Recipe: Corey’s homemade chicken potpie
This hearty and delicious homemade chicken potpie created by Chef Corey of Flour Bakery + Cafe is sure to become your new cold weather staple.
- 1 3/4 cups/245 g all-purpose flour
- 1 tbsp granulated sugar
- 1 tsp kosher salt
- 1 cup/225 g cold unsalted butter, cut into 12 pieces
- 2 egg yolks
- 3 tbsp cold milk
- 2 tbsp unsalted butter
- 1 medium onion, cut into 1/2 -in/12-mm pieces
- 1 large carrot, peeled and thinly sliced crosswise
- 1 celery stalk, thinly sliced
- 1 small russet potato, unpeeled and cut into 1/2 -in/12-mm pieces
- 1 lb/455 g boneless, skinless chicken breasts, cut into 1- to 2-in/2.5- to 5-cm pieces
- 5 tbsp/45 g all-purpose flour
- 1 1/2 cups/360 ml chicken stock
- 1 cup/140 g fresh or frozen English peas
- 2 tsp chopped fresh thyme
- 1 1/2 tsp kosher salt
- 1/2 tsp freshly ground black pepper
- 2 tbsp heavy cream
- 1 large egg, beaten
1 To make the Pâte Brisée: Using the stand mixer or the handheld mixer and a medium bowl, beat together the flour, sugar, and salt on low speed for 10 to 15 seconds. Scatter the butter over the flour mixture and beat on low speed for 1 to 1 1⁄2 minutes, or until the flour is no longer bright white and holds together when you clump it and lumps of butter the size of pecans are visible throughout. In a small bowl, whisk together the egg yolks and milk. Add the yolk-milk mixture all at once to the flour-butter mixture and beat on low speed for 20 to 30 seconds, or just until the mixture barely comes together. It will look really shaggy and more like a mess than a dough.
2 Dump the dough out onto a clean, dry work surface and gather it into a tight mound. Using the palm of your hand, smear the dough, starting at the top of the mound and sliding your palm down the sides of the mound along the work surface, until most of the butter chunks are smeared into the dough and the whole thing comes together. Wrap the dough tightly in plastic wrap and press down to make a flattened disk. Refrigerate for at least 1 hour before using. The dough can be stored in the refrigerator for up to 4 days or in the freezer for up to 4 weeks (wrap it in a second layer of plastic wrap if storing for more than 1 day or freezing it). If frozen, transfer the dough to the refrigerator and allow it to thaw for 1 day before using it.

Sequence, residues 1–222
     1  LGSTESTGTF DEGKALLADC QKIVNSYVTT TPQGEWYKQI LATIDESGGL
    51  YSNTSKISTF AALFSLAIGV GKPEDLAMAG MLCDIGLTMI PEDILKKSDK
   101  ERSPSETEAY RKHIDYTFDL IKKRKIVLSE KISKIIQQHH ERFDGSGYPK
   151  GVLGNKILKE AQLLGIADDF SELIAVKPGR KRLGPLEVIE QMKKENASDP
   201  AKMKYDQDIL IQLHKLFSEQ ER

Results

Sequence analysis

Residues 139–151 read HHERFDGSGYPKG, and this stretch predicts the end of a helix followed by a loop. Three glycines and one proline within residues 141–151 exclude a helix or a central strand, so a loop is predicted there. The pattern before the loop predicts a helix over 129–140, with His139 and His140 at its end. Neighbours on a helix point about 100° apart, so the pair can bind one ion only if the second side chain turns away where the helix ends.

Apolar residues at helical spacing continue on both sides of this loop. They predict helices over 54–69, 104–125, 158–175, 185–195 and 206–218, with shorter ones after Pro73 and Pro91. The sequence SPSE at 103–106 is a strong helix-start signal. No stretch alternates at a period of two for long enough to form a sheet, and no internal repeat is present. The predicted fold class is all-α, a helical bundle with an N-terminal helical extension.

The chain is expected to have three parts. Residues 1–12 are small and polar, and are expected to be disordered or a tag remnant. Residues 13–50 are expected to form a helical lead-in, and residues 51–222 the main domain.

3 Divide the dough into two pieces, one twice as large as the other. The smaller portion will be used for the top crust. On a well-floured work surface, roll out the larger dough portion into a circle about 12 in/30.5 cm in diameter and 1⁄8 in/3 mm thick. Roll the dough circle around the rolling pin and then unfurl it on top of the pie pan or dish. Gently press the dough into the bottom and sides of the pan, leaving a 1⁄4-in/6-mm lip extending beyond the pan rim (to allow for shrinkage in the oven). Refrigerate the pie shell for at least 30 minutes. The pie shell can be tightly wrapped in plastic wrap and refrigerated for up to 1 day or frozen for up to 2 weeks. The frozen pie shell can be baked directly from the freezer.